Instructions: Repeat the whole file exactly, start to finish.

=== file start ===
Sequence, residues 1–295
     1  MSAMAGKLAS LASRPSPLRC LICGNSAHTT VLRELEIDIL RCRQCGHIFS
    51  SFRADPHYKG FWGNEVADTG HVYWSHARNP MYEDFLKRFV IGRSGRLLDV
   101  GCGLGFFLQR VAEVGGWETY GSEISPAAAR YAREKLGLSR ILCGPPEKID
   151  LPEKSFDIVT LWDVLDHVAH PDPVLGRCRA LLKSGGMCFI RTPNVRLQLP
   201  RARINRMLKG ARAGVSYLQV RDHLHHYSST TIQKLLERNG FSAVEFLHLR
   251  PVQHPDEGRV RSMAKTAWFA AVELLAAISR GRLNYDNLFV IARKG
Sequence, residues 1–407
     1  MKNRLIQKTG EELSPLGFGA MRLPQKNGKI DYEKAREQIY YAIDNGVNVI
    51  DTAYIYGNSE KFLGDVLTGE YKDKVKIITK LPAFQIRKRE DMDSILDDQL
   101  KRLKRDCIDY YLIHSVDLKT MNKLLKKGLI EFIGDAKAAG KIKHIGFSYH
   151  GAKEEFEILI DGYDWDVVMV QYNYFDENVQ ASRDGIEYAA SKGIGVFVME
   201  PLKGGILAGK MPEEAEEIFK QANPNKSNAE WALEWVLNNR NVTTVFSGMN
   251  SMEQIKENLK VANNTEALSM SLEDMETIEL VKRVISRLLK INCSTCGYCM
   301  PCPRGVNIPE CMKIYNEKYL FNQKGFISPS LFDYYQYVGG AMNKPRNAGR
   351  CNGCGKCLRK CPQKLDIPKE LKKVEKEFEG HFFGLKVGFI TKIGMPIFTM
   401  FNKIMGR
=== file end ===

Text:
Sequence, residues 1–295
     1  MSAMAGKLAS LASRPSPLRC LICGNSAHTT VLRELEIDIL RCRQCGHIFS
    51  SFRADPHYKG FWGNEVADTG HVYWSHARNP MYEDFLKRFV IGRSGRLLDV
   101  GCGLGFFLQR VAEVGGWETY GSEISPAAAR YAREKLGLSR ILCGPPEKID
   151  LPEKSFDIVT LWDVLDHVAH PDPVLGRCRA LLKSGGMCFI RTPNVRLQLP
   201  RARINRMLKG ARAGVSYLQV RDHLHHYSST TIQKLLERNG FSAVEFLHLR
   251  PVQHPDEGRV RSMAKTAWFA AVELLAAISR GRLNYDNLFV IARKG
Sequence, residues 1–407
     1  MKNRLIQKTG EELSPLGFGA MRLPQKNGKI DYEKAREQIY YAIDNGVNVI
    51  DTAYIYGNSE KFLGDVLTGE YKDKVKIITK LPAFQIRKRE DMDSILDDQL
   101  KRLKRDCIDY YLIHSVDLKT MNKLLKKGLI EFIGDAKAAG KIKHIGFSYH
   151  GAKEEFEILI DGYDWDVVMV QYNYFDENVQ ASRDGIEYAA SKGIGVFVME
   201  PLKGGILAGK MPEEAEEIFK QANPNKSNAE WALEWVLNNR NVTTVFSGMN
   251  SMEQIKENLK VANNTEALSM SLEDMETIEL VKRVISRLLK INCSTCGYCM
   301  PCPRGVNIPE CMKIYNEKYL FNQKGFISPS LFDYYQYVGG AMNKPRNAGR
   351  CNGCGKCLRK CPQKLDIPKE LKKVEKEFEG HFFGLKVGFI TKIGMPIFTM
   401  FNKIMGR